He should have been blubbering with gratitude at that point, I thought, but he wasn’t. He ran his hands along the air mattress’s plastic cover and wondered aloud, “Maybe I can go to the library.”

So I took him home. My boyfriend was furious. He nearly failed his defense, he lost so much sleep and study time over it. Willard wasn’t a great guest, either. He left food wrappers everywhere, couldn’t clean a glass right, provided no conversation. He stayed for a month, and then another week, until my boyfriend finally gave up and left me. When Willard left, too, I felt pathetic, grasping, and empty.

But all of that was all right. Because when I asked him, out on the steps that first night, if he wanted to stay with me, he threw all his weight into an enormous hug, laughing, baffled, and said that would be amazing, that I was doing the right thing. And maybe it shouldn’t have mattered, some young kid halfway through his career validating me like that. I shouldn’t have put all that much stock in it. But nobody had ever told me that before. And I didn’t realize until he’d said it that I’d been waiting to hear something like that all my life.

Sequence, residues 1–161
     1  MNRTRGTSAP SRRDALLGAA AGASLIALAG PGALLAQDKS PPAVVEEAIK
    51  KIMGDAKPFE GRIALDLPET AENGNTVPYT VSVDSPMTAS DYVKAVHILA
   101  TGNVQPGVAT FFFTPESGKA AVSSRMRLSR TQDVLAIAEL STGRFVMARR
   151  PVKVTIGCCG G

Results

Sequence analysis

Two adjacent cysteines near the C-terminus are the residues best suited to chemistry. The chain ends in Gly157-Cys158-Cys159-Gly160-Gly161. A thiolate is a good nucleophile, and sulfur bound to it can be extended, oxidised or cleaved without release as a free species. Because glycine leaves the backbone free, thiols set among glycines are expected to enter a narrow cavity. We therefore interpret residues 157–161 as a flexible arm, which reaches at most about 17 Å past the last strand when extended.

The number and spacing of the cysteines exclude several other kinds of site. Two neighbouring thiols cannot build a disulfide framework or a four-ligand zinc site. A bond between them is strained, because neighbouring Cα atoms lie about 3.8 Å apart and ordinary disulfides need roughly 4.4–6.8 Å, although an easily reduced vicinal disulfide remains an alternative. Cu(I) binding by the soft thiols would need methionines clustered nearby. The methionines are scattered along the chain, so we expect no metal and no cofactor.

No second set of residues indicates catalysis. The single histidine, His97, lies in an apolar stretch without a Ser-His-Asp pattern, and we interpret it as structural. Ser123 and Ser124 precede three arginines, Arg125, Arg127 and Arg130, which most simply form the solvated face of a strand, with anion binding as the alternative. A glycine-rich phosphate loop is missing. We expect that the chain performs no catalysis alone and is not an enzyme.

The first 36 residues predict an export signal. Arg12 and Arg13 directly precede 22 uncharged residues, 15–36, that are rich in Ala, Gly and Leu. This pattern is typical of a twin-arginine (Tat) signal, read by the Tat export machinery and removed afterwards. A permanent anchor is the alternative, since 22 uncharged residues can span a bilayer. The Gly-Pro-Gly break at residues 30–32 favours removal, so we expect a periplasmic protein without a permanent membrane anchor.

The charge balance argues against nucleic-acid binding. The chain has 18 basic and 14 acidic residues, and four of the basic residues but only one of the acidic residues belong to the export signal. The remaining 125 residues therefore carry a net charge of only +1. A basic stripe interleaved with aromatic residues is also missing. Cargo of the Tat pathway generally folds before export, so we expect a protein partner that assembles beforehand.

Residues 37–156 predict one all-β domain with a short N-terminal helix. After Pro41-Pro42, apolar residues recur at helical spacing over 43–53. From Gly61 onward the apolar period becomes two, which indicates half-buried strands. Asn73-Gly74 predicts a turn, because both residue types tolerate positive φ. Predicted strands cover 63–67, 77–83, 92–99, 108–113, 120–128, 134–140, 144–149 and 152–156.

Devon Price is a writer and social psychologist in Chicago. Their work has appeared in The Rumpus, The Toast, The Paper Machete, and others. They write at Medium, and write and produce the podcast Wrong State University.

Illustration by Vivian Shih

Issue 8